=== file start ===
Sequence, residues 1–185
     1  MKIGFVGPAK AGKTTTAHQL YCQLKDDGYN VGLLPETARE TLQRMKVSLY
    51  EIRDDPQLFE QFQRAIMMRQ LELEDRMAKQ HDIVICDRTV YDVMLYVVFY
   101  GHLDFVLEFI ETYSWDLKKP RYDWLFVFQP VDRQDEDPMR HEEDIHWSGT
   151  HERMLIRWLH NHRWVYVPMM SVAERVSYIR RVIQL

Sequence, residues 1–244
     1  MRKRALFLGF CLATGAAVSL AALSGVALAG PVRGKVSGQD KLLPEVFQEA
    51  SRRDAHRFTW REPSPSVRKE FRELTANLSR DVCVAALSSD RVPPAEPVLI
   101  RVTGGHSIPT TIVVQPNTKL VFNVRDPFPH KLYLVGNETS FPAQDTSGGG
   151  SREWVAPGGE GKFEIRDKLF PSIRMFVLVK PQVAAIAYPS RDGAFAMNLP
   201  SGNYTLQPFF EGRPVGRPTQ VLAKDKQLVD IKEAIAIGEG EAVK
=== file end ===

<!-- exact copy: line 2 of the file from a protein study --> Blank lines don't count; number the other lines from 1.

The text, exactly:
     1  MKIGFVGPAK AGKTTTAHQL YCQLKDDGYN VGLLPETARE TLQRMKVSLY